Don’t hide the POV character’s identity

One of the most common point of view errors we see in amateur novels is what I call Hidden Identity Syndrome.

This seems to be an attempt on the part of fiction writers to replicate something we see in movies: A nondescript figure walks into a darkened room, rifles the desk or cracks the safe or plants a bomb. Because of the lighting and camera angles you can’t tell who it is. So when the perpetrator is exposed later in the film, it’s a surprise.

We get a lot of manuscripts that start with characters called only he or she, or by some epithet—the Hungarian or the masked man or the accountant. He did something, she went somewhere, the accountant heard something…

But a novel isn’t a movie, so in most cases this is a POV violation.

If your narrator is omniscient, he knows who’s doing what and should reveal it. If he doesn’t, he’s unreliable. It takes a skilled writer to make an unreliable narrator work well. Also, if your narrator is unreliable, he must be consistently unreliable throughout the story.

Photo by Marc Garrido i Puig
Photo by Marc Garrido i Puig

But if the Nameless Pronoun Person or Epithet-Bearer is the POV character, that’s just not acceptable. The POV character knows his own name and will use it, if you’re writing in the third person.

When writing from the character’s viewpoint, in what’s called these days Deep POV, it’s best to use the character’s name early, to give the reader something to attach to. Then you can use pronouns all you like: Blayse did something, she went somewhere, she heard something…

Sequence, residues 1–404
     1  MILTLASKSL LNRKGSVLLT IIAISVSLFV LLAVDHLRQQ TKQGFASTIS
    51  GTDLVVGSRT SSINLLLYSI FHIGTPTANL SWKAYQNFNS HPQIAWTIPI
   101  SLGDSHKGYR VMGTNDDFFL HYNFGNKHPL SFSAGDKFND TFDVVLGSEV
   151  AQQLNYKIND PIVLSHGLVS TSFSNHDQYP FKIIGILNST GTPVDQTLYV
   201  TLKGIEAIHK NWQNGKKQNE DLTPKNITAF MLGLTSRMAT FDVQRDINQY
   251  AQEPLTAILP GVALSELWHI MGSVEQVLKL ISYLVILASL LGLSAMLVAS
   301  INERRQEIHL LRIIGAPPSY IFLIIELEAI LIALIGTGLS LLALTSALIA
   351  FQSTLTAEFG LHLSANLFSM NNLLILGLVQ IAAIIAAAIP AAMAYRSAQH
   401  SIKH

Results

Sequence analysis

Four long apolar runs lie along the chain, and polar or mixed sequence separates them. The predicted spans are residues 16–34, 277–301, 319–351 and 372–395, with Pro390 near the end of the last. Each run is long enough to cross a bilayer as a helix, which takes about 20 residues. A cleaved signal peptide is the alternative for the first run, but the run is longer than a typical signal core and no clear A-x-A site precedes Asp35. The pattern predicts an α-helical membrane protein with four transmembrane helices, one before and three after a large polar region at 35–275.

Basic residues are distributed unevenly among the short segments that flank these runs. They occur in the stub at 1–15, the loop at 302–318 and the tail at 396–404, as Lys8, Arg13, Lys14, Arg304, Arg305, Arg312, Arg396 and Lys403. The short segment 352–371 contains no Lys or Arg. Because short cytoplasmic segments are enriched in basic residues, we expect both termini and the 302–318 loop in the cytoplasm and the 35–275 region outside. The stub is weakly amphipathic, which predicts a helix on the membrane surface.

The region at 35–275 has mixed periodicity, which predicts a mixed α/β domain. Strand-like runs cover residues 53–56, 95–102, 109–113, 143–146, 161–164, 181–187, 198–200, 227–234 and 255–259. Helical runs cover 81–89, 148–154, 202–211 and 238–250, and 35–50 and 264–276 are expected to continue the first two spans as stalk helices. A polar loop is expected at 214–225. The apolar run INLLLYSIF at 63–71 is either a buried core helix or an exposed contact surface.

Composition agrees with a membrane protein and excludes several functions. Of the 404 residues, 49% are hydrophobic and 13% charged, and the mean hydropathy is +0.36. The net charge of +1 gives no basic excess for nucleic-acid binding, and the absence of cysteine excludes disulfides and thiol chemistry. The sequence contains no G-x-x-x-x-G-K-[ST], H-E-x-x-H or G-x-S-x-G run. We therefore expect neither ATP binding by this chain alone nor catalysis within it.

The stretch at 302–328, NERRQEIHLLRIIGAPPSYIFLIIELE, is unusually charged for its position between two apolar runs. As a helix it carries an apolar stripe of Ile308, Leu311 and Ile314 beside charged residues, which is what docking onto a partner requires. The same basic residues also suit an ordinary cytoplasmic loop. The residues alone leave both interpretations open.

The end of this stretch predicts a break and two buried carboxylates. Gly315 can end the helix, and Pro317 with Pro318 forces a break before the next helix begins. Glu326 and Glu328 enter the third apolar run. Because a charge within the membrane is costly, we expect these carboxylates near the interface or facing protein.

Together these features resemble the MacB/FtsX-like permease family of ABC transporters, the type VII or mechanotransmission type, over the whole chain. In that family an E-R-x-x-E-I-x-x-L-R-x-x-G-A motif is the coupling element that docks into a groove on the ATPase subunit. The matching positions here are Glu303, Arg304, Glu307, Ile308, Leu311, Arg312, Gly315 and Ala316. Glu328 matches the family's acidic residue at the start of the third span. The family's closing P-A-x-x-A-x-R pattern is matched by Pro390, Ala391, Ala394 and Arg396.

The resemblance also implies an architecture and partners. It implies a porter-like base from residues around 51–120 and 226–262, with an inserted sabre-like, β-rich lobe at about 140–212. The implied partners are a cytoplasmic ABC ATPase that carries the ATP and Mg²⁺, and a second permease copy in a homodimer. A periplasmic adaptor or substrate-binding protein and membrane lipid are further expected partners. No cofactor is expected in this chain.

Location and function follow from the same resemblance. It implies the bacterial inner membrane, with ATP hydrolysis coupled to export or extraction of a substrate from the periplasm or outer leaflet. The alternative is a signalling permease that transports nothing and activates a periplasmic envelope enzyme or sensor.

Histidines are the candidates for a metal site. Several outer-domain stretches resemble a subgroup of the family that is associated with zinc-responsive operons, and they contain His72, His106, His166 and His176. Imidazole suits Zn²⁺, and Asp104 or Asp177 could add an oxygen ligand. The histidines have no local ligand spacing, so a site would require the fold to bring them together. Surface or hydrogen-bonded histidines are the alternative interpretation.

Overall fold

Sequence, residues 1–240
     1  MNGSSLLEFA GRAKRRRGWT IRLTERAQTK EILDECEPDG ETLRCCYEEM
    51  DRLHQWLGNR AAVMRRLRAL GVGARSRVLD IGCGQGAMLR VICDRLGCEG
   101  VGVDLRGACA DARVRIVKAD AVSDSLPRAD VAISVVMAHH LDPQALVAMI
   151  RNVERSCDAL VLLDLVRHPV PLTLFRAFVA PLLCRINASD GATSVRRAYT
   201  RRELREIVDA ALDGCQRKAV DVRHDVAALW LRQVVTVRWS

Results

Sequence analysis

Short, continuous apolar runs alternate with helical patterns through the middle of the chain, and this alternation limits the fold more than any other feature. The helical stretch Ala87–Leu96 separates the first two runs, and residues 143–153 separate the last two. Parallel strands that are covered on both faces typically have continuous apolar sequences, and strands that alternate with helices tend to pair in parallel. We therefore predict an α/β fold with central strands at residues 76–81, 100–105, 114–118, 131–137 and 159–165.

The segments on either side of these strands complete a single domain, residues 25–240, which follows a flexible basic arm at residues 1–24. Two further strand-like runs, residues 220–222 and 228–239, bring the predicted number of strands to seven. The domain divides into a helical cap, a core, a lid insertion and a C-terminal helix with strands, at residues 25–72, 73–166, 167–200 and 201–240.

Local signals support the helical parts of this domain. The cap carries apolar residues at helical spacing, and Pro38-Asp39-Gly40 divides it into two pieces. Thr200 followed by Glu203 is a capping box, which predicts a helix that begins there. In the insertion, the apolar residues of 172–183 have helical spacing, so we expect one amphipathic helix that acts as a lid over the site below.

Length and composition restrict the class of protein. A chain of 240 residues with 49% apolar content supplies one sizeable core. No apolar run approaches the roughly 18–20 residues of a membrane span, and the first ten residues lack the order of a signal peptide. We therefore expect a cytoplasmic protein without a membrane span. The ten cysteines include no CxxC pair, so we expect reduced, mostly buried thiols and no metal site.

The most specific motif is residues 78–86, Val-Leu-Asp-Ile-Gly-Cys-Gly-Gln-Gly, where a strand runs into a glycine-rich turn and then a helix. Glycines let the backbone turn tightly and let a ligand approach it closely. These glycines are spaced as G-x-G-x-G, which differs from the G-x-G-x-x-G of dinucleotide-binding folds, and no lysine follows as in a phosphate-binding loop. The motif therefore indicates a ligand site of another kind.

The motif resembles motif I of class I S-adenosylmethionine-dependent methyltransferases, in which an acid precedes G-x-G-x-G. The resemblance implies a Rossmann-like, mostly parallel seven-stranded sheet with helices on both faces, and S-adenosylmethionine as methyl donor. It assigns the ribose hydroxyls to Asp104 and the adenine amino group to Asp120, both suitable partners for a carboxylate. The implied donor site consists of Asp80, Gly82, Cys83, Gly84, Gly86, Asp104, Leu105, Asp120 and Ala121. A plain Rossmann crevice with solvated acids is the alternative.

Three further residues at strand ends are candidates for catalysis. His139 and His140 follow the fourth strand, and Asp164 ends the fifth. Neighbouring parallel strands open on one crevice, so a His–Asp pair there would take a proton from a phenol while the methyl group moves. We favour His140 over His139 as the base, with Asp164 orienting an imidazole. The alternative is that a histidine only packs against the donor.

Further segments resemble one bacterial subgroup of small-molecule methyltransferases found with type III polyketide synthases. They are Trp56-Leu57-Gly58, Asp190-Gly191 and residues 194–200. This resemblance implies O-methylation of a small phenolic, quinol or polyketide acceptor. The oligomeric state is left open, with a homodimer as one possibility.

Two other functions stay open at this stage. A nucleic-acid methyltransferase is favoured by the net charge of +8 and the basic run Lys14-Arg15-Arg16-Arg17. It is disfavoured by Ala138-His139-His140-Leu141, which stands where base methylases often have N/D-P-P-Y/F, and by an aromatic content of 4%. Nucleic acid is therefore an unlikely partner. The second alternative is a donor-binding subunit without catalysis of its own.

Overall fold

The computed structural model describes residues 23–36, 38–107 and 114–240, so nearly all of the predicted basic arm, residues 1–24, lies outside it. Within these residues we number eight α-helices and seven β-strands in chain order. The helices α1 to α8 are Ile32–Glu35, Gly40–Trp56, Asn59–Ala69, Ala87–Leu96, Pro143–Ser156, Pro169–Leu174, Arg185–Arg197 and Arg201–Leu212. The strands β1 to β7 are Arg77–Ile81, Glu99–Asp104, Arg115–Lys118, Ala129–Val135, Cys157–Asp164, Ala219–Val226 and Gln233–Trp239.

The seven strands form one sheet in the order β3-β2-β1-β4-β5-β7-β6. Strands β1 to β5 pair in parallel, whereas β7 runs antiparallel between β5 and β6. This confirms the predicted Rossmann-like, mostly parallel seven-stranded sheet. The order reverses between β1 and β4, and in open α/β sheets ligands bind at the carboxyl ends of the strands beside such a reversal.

But epithets are right out. A scene written from Blayse’s POV will never contain a sentence like the accountant answered her phone. Unless Blayse is watching some other accountant answer a phone.

If you’re writing in first person, you would not use the character’s name. Instead, you’d put I: I did something, I went somewhere, I heard something. Then the POV character’s name isn’t revealed until another character uses it.

I believe the inability to get the POV character’s name in early is one of the drawbacks of first person. And the ability to give the POV character name early is one of the benefits of third person. So use it.

Hidden Identity Syndrome works in film, but in a novel, it’s cheating. Don’t cheat your readers.

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